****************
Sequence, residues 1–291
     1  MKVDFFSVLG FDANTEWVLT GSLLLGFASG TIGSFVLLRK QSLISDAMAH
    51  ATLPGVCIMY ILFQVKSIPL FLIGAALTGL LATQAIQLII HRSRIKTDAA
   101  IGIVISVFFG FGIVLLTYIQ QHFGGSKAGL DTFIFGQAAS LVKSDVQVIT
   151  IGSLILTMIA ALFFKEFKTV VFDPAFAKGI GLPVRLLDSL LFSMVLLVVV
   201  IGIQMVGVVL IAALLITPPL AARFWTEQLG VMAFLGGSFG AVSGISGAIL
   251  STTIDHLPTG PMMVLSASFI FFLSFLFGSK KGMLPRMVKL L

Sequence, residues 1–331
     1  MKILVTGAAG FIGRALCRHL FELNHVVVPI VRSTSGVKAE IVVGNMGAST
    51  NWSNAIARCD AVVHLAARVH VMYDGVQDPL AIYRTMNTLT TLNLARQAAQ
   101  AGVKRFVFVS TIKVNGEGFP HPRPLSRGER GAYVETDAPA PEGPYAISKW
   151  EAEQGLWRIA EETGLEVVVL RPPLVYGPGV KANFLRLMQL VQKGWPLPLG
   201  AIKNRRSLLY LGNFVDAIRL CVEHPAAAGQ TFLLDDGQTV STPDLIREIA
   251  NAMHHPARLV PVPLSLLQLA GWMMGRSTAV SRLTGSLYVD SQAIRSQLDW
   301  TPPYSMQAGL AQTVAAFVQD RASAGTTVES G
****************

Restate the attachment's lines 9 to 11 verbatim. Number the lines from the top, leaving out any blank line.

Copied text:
     1  MKILVTGAAG FIGRALCRHL FELNHVVVPI VRSTSGVKAE IVVGNMGAST
    51  NWSNAIARCD AVVHLAARVH VMYDGVQDPL AIYRTMNTLT TLNLARQAAQ
   101  AGVKRFVFVS TIKVNGEGFP HPRPLSRGER GAYVETDAPA PEGPYAISKW